Conflict at work


Conflict is inevitable, however positive the culture is at your workplace. And you are likely to encounter various different types of conflict as well. Task conflict, leadership conflict, creative conflict and personality conflict are some of the most common. And everyone in an organisation needs to be able to deal with each type effectively. No surprise, then, that this issue is often addressed at interview.

Here is how to answer “How do handle conflict in the workplace?” at interview, starting with a brief example of each type of conflict mentioned above.

Task Conflict

Task conflict is very common in workplaces. A classic example is managers and team members not agreeing over the distribution of tasks within a team. This may result in one team member feeling they are doing the grunt work while another co-worker is being assigned the interesting stuff.

Leadership Conflict

Two leaders in a workplace have differing views on how to manage a project. Leader A takes a top-down, authoritarian approach. They take the decisions and expect everyone to follow them. Leader B, on the other hand, has a more collaborative style. They discuss options openly with Leader A and the team. This clash of styles causes a conflict between Leader A and Leader B and between the two leaders and team members.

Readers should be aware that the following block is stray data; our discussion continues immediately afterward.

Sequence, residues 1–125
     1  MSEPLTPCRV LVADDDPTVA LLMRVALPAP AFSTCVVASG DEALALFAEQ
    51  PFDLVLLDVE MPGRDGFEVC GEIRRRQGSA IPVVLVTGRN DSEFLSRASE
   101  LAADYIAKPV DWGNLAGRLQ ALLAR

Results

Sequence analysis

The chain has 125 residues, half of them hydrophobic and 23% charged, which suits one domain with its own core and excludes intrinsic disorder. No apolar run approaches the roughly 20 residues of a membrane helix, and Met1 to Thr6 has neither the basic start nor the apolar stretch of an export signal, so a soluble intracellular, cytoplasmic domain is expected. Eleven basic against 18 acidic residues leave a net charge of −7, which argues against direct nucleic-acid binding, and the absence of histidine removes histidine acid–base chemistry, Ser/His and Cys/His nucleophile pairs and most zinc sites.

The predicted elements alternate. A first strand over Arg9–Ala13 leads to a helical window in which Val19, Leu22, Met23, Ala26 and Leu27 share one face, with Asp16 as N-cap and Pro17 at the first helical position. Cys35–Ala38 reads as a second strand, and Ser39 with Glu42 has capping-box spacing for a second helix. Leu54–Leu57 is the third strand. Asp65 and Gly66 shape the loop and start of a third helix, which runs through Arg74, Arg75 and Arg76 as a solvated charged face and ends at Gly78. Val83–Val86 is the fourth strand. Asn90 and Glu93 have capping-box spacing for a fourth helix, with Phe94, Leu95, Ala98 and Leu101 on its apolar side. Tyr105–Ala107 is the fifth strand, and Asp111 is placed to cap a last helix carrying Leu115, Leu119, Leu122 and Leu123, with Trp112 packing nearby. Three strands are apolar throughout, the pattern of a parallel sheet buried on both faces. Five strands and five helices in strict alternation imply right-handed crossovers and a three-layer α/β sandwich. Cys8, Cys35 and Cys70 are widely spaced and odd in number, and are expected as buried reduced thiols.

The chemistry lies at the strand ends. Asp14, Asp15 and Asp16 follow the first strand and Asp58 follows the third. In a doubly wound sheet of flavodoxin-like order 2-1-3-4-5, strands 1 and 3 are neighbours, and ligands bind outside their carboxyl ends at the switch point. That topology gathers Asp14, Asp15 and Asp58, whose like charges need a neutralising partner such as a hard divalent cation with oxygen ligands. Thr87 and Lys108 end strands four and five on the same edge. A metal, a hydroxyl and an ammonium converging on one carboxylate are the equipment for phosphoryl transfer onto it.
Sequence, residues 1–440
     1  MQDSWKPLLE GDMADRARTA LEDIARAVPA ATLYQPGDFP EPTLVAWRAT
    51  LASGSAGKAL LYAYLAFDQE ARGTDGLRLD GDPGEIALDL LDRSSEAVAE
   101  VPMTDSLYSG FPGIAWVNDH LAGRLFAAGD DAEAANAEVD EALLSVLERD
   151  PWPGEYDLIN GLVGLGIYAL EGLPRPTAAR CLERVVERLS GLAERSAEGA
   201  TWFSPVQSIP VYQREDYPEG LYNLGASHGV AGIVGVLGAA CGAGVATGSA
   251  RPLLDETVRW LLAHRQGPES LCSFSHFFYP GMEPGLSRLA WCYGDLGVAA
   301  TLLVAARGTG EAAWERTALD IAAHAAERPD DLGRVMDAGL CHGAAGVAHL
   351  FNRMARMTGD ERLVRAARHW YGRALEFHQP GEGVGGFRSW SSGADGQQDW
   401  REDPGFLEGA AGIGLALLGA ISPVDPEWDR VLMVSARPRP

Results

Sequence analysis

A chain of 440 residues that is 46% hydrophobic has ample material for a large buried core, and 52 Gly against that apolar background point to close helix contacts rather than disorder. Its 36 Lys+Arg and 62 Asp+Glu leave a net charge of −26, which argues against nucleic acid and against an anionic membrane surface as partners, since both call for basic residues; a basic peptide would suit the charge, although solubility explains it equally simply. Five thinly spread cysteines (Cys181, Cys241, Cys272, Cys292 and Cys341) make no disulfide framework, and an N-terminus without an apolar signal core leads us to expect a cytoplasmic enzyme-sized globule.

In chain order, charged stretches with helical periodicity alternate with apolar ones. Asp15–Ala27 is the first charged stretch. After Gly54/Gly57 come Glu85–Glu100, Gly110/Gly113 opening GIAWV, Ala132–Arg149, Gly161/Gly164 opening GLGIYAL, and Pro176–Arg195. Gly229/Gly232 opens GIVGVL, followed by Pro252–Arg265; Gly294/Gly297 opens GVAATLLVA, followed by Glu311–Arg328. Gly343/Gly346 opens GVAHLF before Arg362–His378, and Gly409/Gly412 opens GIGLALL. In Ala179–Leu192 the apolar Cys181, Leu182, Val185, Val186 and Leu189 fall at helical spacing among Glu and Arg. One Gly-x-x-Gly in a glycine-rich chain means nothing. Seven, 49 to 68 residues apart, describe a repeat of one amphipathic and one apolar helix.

Creative Conflict

Your co-worker is convinced that they have the winning idea for your company presentation. The problem is that you, too, have conjured up a fantastic concept. Both ideas have their supporters and critics within the business. Creativity has caused you to be at loggerheads with one another.

Personality Conflict

As we all know, the world is made up of many different personality types. There are introverts, extroverts, thinkers, supporters…the list goes on. Different personalities approach situations, relationships and work in general very differently. Employee A is a thinker: introverted, logical, detail-oriented and organised, while Employee B is an extrovert, energetic, enthusiastic and adept at building relationships. They job share and struggle to see eye to eye or agree on much at all.

The 3 Cs Approach

The 3 Cs approach is often cited as an effective way to manage conflict – any type of conflict.

Communication: by opening a dialogue, you are showing that you have identified a conflict and want to take steps to address it with the other people involved. This step involves listening to others with respect, expressing your viewpoint, and understanding the situation from a different perspective.

Collaboration: working together, while taking into account another’s wants, needs and preferences, is a great way to find a successful solution to conflict.

Compromise: through discussion, you should be able to define a middle road – or a third way. Neither party will get exactly what they wanted, but you have found a solution that works and can move forward.

Whatever the reason for conflict in the workplace, the Three Cs approach offers a tried-and-tested way for handling it effectively. And it’s a neat and tidy response to a potentially tricky interview question, too!

The Optimal Recruitment team is well-versed in interview questions and techniques. Contact our professional team today on or 02 8416 4181.